Tuesday, May 16, 2017

Thick as Thieves

8306741Turner, Megan Whalen. Thick as Thieves (The Queen's Thief #5)
May 16th 2017 by Greenwillow Books
ARC from Baker and Taylor

Kemet displeases his master Nahuseresh and is badly beaten. While he is still recuperating, he is approached by an Attolian who asks him to meet at the docks so that he can go to Attolia and gain his freedom. Kemet assumes that the Attolian means to kill him, but when his master is poisoned, his friend and fellow slave Laela tells him to flee. Seeing no other choice, he meets the man and ends up fleeing with him across the kingdom. They are hunted as escpaed slaves and travel from town to town trying to stay safe. They are constantly losing their money and clothing only to be given an opportunity to get back on their feet so that they can make it a little further before losing everything again. Eventually, they work their way onto a ship because the Attolian has an earring with a royal seal on it. When they get to the palace, Kemet is surprised by who the king is, and warily accepts his freedom in exchange for all of the information he knows about the Medes. Kemet never feels safe, and works to figure out some future for himself where he can feel free and unthreatened.
Strengths: The writing was very intriguing, and the mystery unfolded at a nice pace. I have only read the first two books, and those long ago, but I got the feeling that if I were familiar with the story I would understand quite well what was going on. Kemet is an interesting character, as is the Attolian, and the characters in Attolia have interesting motives.
1082754Weaknesses: I cannot get my students to check out the first book. This might be due to the cover on the 1996 edition of The Thief that is in my library.
What I really think: If I could get all five books with covers similar to the one above, I would definitely buy this for fans of Flanagan's The Ranger's Apprentice or Pierce's Alanna series. The new covers for the Alanna books have been a HUGE help in enticing students to read those. Still, I can get books 3-5, so am debating purchase.

Ms. Yingling


  1. i weeded all but the first of Attolia. Just didn't circulate. (i also just weeded a Sonnenblick book, but I'll probably replace that with a better cover)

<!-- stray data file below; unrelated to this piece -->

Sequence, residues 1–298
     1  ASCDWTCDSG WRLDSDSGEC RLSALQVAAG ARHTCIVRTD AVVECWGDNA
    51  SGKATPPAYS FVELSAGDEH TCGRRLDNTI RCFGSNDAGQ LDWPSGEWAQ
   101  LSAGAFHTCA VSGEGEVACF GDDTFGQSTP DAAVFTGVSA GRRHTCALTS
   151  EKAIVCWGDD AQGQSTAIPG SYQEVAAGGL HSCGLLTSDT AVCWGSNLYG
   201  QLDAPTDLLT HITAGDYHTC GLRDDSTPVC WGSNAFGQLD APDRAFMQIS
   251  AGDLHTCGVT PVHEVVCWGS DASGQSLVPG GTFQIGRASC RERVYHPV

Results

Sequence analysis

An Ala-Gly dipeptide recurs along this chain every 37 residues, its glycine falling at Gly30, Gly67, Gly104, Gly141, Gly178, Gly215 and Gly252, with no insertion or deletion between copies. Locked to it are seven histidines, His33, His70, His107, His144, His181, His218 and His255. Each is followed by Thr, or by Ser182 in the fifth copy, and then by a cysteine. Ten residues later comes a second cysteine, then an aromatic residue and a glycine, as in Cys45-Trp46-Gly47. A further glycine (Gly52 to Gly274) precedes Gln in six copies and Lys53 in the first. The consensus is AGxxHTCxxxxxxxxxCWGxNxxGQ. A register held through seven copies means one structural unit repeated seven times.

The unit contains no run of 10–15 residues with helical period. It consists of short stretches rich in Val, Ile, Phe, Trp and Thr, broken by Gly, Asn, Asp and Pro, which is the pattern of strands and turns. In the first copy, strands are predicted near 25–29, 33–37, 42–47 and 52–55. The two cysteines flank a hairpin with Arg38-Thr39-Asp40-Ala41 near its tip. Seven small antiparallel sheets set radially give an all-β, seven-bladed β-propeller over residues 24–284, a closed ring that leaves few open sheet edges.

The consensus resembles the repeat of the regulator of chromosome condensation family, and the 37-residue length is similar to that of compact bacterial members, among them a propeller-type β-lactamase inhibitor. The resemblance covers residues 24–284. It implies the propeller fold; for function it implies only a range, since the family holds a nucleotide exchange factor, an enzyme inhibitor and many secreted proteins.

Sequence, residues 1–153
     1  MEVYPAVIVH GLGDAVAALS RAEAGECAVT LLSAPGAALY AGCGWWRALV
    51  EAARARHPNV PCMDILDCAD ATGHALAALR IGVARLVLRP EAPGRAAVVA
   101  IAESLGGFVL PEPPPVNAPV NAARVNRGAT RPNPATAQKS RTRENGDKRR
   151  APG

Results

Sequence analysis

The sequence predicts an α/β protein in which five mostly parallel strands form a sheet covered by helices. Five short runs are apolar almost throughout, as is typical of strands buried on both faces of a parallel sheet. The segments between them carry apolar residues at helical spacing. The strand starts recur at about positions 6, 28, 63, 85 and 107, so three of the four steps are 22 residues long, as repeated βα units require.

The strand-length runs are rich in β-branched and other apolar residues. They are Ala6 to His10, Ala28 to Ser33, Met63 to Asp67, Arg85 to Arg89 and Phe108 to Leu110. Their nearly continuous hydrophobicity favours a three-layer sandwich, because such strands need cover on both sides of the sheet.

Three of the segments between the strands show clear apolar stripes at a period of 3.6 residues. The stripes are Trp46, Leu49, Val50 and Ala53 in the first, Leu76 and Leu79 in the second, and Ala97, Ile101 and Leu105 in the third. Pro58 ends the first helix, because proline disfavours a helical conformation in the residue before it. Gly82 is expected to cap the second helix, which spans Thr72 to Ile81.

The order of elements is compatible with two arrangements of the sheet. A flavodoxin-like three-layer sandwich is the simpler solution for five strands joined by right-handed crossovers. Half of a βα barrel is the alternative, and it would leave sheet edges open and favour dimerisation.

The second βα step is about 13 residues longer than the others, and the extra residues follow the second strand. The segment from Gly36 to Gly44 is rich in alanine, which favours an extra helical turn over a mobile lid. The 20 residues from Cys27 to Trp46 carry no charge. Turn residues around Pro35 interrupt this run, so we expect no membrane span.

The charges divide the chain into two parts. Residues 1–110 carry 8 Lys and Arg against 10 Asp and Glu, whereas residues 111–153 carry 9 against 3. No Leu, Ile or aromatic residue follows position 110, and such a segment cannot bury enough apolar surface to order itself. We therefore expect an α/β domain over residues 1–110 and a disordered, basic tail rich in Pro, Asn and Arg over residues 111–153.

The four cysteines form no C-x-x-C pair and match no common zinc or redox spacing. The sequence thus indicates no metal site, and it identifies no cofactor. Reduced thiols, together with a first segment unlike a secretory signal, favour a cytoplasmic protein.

2. I love the new covers the publisher did to tie in with this new book! That aside, I think you should go back and read the books you haven't read yet -- I think The King of Attolia is her best book. I tried to get my 12-year-old little brother to read The Thief, but he brought it back to me after about 26 pages and claimed to be bored. I made another (grown up) friend read it, and she didn't like it much, but loved the next two books. The old covers aside, I think The Thief is actually the biggest barrier to kids getting interested in the series -- it's just not as good as her later books.

  3. Ah, my heart is breaking that these are being removed from libraries! Though, truly, they aren't middle-grade books, so maybe they just need to be put in another section. And gosh, yes, you do need to read King of Attolia before reading this one! It will completely change your view of pretty much everything (which is the great thing about all the books: once you finish one, you have to go back and reread it with the knowledge you get at the end so you suddenly understand everything that happened in the beginning and middle. Layers and layers keep unfolding.)

    I think they're planning to redo all the covers to match. (I have a soft spot for the old ones, but I suppose these new ones are catchy.)

  4. Mine are (or were) in teen. I just don't have a lot of serious fantasy readers I guess. It seems to be a series that a lot of adults love, but my teens would rather read Jennifer Nielsen.